13 September 2010
© InfoAs a new survey reveals that hundreds of thousands of young Britons have faced emergency situations in the past year, the British Red Cross is launching a campaign to improve young people’s life-saving skills.
The Life. Live it. campaign is specifically aimed at encouraging 11-16 year olds to learn life-saving skills so that they are better able to cope in an emergency.
The survey, commissioned by the British Red Cross, highlighted several worrying statistics. For example, it showed that one in seven young teens (aged 11-16) has been in an emergency situation as a result of a friend drinking too much alcohol. In the past 12 months alone, more than 532,000 young teenagers have been left to cope with a drunken friend who was sick, injured or unconscious.
However, it’s not only alcohol-related injuries that young people have to cope with. The survey showed that a massive 89 per cent of 11-16 year olds had found themselves confronted with some kind of medical emergency. A quarter of young people have had to deal with asthma attacks, a third of them with head injuries and one in five with someone choking.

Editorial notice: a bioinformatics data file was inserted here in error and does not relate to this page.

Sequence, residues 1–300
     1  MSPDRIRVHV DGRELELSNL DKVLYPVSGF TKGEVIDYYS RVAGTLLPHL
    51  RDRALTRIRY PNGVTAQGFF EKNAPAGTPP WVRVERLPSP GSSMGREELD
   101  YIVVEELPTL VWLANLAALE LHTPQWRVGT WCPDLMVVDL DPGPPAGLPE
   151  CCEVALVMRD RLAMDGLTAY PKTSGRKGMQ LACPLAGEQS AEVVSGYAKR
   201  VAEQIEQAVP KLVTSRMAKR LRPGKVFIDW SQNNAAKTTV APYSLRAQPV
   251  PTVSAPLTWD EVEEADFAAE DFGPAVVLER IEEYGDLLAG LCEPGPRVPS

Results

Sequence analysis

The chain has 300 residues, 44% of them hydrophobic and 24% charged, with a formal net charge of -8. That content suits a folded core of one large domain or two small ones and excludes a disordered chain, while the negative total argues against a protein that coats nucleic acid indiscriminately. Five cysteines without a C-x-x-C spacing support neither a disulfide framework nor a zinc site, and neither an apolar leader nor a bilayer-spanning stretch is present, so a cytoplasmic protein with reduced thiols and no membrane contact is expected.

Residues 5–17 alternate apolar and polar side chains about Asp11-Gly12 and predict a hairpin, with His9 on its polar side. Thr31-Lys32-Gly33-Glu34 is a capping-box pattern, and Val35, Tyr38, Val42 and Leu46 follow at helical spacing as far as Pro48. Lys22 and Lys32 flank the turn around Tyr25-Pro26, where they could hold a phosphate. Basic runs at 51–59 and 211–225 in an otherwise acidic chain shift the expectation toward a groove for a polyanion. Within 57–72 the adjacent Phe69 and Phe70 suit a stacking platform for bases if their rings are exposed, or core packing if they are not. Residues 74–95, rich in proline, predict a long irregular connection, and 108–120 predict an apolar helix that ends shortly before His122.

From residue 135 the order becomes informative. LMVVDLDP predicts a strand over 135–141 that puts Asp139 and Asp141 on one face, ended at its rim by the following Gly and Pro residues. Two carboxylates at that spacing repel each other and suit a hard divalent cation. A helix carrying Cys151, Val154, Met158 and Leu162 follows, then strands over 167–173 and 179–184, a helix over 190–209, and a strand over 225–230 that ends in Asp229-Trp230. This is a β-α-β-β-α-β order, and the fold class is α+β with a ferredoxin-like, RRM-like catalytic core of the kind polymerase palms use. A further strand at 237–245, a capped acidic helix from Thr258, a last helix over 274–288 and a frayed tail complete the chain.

But the crucial point is this: when faced with such emergency situations, 44 per cent panicked and 46 per cent simply didn’t know what to do.
First aid opportunities
Over the next 15 months, the Red Cross will produce a national programme of activities designed to teach first aid to young people and inspire them to act in a crisis. They will focus on four key areas relevant to young people’s lives – music, sport, dance and fashion.
Joe Mulligan, first aid expert at the British Red Cross, said: “Four out of five young people say that they would feel safer if they had some first aid knowledge. Our aim is to ensure that all young people and children in the UK have the opportunity to learn first aid skills and gain the confidence to save lives.”
The new campaign builds upon the success of the Red Cross’ Life.Live it. teaching resource, which enables educators with no previous first aid experience to teach life-saving skills to young people.
In the survey’s most compelling statistic, a huge majority – 97 per cent – of young people said they believed first aid education would improve their confidence, skills and willingness to act in a crisis.
Find out more about our Life. Live it. campaign